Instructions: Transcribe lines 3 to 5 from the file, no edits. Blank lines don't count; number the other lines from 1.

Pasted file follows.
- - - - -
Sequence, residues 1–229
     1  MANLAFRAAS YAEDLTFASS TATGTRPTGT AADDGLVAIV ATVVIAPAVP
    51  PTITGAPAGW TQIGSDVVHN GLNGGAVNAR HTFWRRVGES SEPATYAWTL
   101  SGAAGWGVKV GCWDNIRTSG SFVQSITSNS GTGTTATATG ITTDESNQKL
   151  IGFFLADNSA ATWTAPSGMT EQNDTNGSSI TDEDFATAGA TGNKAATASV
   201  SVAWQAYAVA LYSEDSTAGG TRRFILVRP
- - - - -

    51  PTITGAPAGW TQIGSDVVHN GLNGGAVNAR HTFWRRVGES SEPATYAWTL
   101  SGAAGWGVKV GCWDNIRTSG SFVQSITSNS GTGTTATATG ITTDESNQKL
   151  IGFFLADNSA ATWTAPSGMT EQNDTNGSSI TDEDFATAGA TGNKAATASV